NPR’s Lulu Garcia-Navarro speaks with program director Alia Toran-Burrell of Code for America about clearing the records of thousands of people’s marijuana convictions in California.
When California voters passed Proposition 64 in 2016, they made it legal to use marijuana recreationally and gave residents an opportunity to clear their records of certain marijuana-related convictions.
But the proposition came with a caveat: In order to get a past conviction reduced or dismissed, the burden fell to the person convicted — a process considered costly, time-consuming and confusing. Consequently, just 3% of people who qualify for relief received it, according to the nonpartisan group Code for America.
“Why are we asking people with convictions to go through this really burdensome process? Why can’t government do that?” the group’s senior program manager, Alia Toran-Burrell, recalled thinking.
Code for America saw an opportunity: To help clear the backlog of some 220,000 cases, the organization developed an algorithm to identify which residents qualify to have their records cleared or reduced. Now, district attorneys across the state are crediting the group with expediting an otherwise slow and tedious process.
The group’s algorithm works by analyzing massive datasets of criminal records that meet district attorneys’ eligibility standards. The resulting product is a legible database that pinpoints those who are qualified to have their convictions either eased or outright dismissed.
Since launching the program, Code for America has helped reduce or dismiss about 85,000 marijuana-related convictions in California, according to Toran-Burrell.
“The alternative would be that a district attorney would have to cull through hundreds of thousands of lines of conviction data to determine eligibility for each of the convictions that might be eligible,” Toran-Burrell told NPR’s Weekend Edition.
“This technology allows district attorneys to do this in an incredibly streamlined way,” she said.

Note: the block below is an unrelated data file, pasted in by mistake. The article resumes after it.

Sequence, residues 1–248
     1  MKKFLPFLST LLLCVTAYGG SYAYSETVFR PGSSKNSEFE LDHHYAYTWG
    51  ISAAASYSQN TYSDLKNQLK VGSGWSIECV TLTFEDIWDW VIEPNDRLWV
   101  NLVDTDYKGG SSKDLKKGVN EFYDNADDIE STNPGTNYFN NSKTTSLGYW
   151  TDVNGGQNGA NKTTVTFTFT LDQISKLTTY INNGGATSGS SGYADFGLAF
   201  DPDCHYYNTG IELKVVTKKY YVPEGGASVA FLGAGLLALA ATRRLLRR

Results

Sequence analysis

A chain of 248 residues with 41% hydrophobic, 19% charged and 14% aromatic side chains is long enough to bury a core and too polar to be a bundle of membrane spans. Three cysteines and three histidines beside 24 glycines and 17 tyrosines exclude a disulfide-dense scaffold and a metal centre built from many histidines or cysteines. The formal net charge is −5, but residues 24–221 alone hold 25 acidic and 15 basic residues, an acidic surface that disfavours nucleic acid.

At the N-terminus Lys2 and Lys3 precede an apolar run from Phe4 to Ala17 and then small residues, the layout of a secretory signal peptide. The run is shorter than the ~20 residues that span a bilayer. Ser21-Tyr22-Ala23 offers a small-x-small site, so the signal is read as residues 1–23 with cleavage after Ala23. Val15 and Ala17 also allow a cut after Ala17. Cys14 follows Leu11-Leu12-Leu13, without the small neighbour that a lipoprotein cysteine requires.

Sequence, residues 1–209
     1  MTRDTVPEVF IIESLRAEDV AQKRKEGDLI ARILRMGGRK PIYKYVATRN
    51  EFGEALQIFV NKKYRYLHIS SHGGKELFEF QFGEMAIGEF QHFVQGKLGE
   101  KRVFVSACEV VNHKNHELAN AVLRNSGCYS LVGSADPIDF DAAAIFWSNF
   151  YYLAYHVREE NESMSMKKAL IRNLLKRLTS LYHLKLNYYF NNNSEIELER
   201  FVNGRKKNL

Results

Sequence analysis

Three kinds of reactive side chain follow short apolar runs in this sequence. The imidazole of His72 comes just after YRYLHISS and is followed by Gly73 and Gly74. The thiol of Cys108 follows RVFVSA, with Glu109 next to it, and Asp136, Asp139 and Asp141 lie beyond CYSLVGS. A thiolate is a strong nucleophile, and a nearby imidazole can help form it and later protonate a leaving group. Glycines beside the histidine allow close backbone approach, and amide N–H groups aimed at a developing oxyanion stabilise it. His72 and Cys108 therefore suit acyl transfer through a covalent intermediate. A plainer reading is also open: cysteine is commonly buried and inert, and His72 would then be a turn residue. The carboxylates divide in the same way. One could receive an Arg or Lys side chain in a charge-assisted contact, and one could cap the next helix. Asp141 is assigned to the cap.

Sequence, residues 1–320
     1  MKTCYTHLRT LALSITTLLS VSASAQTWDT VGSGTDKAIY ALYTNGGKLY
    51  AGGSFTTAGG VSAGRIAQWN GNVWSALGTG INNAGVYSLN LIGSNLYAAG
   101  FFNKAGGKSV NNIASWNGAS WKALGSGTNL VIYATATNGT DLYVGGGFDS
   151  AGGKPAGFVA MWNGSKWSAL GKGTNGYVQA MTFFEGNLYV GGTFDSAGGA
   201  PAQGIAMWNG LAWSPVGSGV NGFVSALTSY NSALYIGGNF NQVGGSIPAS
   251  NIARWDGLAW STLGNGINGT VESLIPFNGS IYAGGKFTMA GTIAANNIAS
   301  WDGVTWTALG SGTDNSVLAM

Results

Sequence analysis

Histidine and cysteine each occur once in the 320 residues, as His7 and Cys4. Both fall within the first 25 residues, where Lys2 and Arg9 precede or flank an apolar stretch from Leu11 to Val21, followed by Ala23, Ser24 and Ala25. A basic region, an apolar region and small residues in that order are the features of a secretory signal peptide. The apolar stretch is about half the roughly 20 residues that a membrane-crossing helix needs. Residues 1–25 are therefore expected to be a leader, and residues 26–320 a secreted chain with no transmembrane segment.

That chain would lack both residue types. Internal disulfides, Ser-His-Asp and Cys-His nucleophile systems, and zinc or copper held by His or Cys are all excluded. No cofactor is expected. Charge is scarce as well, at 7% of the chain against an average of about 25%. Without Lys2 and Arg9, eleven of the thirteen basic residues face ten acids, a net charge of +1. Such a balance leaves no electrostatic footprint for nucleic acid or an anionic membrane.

A year-and-a-half ago, five California counties teamed up with Code for America in a pilot program of its algorithm.
Los Angeles, the country’s largest prosecutor’s office, is also the largest county partner to use the tool. L.A. District Attorney Jackie Lacey announced earlier this month that close to 66,000 people with marijuana-related convictions are expected to get their cases dismissed and sealed as a result of the technology’s assistance.
Echoing an argument commonly made by criminal justice advocates, Lacey said in an interview that marijuana-related convictions disproportionately affect people of color.
“What this does is it proactively gives people a fresh start,” she said. “It gets those felonies dismissed off their records so that it will not preclude them from applying for jobs in the future or getting housing benefits or other kind of benefits that they may be entitled to.”
The organization has now made the desktop application available so that district attorneys statewide can benefit from the algorithm, as districts race to meet a July 1 deadline to expunge or reduce all eligible convictions.
And as more jurisdictions across the U.S. move to decriminalize marijuana, the technology could have far-reaching applications.
NPR’s Ian Stewart and Peter Breslow produced and edited the audio version of this story.